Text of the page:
Known by two names, tanner crabs or snow crabs are a popular crab species in Alaska. You probably recognize snow crabs as the ones with the tasty red legs. These crabs have a semi-transparent shell with a small abdominal flap. Like other Alaskan crabs, tanners have five sets of pointy legs including one set with pincers. Smaller than king crabs, tanners typically range from a to 4 pounds in weight.

Many types of fish feed on tanner crabs and of course, humans enjoy them too. Their fish predators include bottomfish (like pollack or cod), oily fish (like herring.)

King Crabs

Also known as stone crabs, king crabs are the most sought after crabs in Alaska. The king crab population consists of three different species. The three types of kings are red, blue and golden crabs. All three species are prevalent in Alaska’s waters.

King crabs are identified by spiny shells, five distinct pairs of legs and fan shaped tails that curl under the back part of their shells. The first four legs on both sides are visible, but the fifth pair is tucked under their back shell. King crabs also have front pincers, of which the right pincer is slightly larger than the left. The large size of kings also sets them apart from other types of crabs. These monster crustaceans can reach weights of over 20 pounds.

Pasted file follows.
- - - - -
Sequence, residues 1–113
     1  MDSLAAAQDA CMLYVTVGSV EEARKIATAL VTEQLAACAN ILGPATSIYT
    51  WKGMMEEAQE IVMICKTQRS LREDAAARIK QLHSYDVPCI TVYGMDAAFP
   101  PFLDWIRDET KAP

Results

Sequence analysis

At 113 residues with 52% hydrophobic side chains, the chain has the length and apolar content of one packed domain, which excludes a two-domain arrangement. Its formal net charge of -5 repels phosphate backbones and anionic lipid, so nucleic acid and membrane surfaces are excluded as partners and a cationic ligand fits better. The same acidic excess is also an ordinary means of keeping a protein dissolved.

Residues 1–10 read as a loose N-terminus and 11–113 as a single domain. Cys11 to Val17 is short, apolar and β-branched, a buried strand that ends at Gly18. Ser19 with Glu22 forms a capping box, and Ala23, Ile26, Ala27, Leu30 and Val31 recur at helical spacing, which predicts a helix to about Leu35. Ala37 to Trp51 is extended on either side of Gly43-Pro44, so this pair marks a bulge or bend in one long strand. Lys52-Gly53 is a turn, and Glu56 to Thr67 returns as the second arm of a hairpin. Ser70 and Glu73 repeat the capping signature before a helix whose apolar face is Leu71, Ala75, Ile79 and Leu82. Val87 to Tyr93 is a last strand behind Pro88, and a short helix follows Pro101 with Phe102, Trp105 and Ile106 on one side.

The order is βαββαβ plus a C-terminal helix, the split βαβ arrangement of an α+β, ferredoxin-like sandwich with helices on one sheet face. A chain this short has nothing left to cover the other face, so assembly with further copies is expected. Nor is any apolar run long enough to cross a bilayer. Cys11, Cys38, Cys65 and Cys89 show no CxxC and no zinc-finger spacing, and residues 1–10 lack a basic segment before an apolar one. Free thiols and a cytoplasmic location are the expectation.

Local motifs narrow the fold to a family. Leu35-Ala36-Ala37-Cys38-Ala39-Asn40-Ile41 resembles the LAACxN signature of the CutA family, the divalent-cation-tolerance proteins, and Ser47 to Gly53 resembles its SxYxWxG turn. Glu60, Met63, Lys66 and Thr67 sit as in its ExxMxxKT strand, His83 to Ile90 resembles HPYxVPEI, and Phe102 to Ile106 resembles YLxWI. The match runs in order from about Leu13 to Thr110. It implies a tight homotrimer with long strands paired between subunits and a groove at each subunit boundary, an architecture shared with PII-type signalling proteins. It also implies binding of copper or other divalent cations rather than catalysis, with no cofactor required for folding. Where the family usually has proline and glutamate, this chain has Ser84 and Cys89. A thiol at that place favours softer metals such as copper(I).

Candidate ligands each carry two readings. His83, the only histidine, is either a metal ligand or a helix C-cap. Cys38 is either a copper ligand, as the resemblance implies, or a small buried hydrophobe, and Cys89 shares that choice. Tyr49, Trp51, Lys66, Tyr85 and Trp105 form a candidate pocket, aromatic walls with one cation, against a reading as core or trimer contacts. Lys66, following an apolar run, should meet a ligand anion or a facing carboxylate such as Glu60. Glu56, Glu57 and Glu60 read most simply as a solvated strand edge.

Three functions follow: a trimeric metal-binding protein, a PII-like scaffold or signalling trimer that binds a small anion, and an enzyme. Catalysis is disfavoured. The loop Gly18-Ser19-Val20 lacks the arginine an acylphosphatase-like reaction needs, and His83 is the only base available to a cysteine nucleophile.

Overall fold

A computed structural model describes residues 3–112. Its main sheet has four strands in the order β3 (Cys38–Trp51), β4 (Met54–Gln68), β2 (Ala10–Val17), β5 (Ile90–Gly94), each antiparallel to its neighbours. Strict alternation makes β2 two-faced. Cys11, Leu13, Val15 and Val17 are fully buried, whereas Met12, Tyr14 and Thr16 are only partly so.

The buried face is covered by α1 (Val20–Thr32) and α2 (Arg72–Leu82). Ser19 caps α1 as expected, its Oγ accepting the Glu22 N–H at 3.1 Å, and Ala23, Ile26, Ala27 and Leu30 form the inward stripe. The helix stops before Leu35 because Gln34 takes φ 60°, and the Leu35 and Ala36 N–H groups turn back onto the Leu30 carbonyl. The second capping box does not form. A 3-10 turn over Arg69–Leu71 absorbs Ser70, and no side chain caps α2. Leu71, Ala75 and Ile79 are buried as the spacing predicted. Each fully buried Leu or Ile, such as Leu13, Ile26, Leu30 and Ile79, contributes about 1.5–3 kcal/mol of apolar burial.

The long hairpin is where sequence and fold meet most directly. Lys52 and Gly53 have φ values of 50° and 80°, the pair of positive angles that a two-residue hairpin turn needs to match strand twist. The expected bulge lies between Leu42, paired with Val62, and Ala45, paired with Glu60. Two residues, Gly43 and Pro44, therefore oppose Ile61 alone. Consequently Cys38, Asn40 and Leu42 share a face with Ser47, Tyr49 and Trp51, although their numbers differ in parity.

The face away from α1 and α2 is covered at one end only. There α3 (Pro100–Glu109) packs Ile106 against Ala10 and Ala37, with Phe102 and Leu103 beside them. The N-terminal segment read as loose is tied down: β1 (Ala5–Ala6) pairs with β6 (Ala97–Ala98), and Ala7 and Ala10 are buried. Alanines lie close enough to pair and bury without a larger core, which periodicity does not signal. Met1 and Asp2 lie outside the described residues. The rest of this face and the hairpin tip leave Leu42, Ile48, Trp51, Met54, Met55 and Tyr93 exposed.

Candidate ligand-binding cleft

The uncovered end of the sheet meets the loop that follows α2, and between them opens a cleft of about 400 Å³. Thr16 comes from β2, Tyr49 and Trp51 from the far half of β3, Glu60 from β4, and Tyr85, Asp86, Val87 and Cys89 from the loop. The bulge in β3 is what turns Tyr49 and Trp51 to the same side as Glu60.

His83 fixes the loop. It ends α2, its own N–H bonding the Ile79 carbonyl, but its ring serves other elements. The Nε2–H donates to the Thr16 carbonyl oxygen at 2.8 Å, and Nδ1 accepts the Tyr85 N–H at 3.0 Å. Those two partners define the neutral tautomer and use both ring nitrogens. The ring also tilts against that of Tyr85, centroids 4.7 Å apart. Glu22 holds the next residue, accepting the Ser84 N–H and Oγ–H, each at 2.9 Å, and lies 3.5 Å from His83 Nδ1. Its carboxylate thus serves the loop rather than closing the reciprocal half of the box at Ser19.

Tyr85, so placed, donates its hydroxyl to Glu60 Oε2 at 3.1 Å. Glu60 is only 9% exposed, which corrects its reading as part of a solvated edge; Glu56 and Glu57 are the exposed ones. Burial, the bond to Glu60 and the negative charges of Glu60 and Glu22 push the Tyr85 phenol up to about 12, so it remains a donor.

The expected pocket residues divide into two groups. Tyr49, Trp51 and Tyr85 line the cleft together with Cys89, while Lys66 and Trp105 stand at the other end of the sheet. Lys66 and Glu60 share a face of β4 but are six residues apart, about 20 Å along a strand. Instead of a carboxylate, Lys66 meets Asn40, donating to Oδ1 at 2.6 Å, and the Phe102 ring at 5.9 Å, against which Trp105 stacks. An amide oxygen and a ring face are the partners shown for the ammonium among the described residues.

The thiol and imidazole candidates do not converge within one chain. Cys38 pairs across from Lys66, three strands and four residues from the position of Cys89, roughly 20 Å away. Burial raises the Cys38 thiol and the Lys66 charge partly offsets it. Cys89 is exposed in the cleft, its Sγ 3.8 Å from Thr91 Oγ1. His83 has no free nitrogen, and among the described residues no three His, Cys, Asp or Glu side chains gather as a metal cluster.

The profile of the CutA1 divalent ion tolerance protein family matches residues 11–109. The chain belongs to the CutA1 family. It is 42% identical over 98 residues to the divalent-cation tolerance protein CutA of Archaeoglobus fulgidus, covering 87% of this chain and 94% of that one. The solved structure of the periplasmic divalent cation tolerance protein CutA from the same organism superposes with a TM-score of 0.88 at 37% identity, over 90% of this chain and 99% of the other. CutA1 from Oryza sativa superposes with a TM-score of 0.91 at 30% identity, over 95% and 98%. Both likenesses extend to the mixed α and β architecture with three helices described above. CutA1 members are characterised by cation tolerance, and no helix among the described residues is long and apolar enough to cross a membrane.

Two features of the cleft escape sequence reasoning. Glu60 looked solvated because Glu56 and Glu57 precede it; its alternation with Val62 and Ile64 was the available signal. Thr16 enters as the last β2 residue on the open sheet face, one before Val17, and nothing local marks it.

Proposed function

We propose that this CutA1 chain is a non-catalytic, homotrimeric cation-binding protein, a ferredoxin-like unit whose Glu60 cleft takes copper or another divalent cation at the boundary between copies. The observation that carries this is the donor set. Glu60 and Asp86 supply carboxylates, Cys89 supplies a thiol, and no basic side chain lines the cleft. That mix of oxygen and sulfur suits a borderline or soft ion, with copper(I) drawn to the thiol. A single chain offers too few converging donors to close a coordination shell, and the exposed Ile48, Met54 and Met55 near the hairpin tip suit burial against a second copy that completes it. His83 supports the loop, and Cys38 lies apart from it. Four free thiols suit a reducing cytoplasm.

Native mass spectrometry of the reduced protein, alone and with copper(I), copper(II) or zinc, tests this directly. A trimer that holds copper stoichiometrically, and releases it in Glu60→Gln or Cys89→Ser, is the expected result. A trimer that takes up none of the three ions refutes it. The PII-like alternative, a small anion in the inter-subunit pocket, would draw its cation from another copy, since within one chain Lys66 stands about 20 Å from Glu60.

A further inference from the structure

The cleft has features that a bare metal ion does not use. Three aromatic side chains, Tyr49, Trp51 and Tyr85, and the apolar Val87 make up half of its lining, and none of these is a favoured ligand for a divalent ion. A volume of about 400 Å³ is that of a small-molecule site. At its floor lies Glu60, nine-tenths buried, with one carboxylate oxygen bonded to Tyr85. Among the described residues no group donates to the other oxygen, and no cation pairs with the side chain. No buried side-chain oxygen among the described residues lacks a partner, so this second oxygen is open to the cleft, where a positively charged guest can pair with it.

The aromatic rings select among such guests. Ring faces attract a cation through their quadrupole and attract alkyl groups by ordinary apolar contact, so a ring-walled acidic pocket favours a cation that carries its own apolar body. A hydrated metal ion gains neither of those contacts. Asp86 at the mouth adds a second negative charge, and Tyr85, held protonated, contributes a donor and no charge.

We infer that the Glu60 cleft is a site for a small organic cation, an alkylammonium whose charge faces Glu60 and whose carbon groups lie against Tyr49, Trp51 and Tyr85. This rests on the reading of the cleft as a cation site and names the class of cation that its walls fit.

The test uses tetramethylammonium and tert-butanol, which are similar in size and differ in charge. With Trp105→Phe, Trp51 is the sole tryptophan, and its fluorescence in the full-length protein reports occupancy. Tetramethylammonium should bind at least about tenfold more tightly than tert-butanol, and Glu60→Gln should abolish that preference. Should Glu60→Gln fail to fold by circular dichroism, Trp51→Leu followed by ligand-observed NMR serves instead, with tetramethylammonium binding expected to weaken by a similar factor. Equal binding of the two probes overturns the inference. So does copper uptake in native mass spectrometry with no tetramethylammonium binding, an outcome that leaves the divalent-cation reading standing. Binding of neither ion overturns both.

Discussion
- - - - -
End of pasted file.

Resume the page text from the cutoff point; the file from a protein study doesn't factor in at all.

Like humans, many organisms enjoy dining on king crabs. Major predators include cod, octopus, otters, other king crabs and Alaskan halibut In fact, there have been cases of fishermen finding 10 or more king crabs in a halibut’s belly.

Dungeness Crabs

These crabs are characterized by wide oval shaped bodies enclosed in a hard semi-transparent shells. Like king and tanner crabs, dungeness have five sets of legs with one set containing pincers. You can tell the difference between dungeness crabs and other species because they have small short legs and they lack a spiny shell. Dungeness crabs are around the same size as tanners and not as large as kings. Mature adults generally weigh about 2 to 3 pounds and are over 6 inches long.

Major predators include dogfish, octopus, otters and other crabs (including those of the same species.) At the larvae stage, crabs are food to fish like salmon.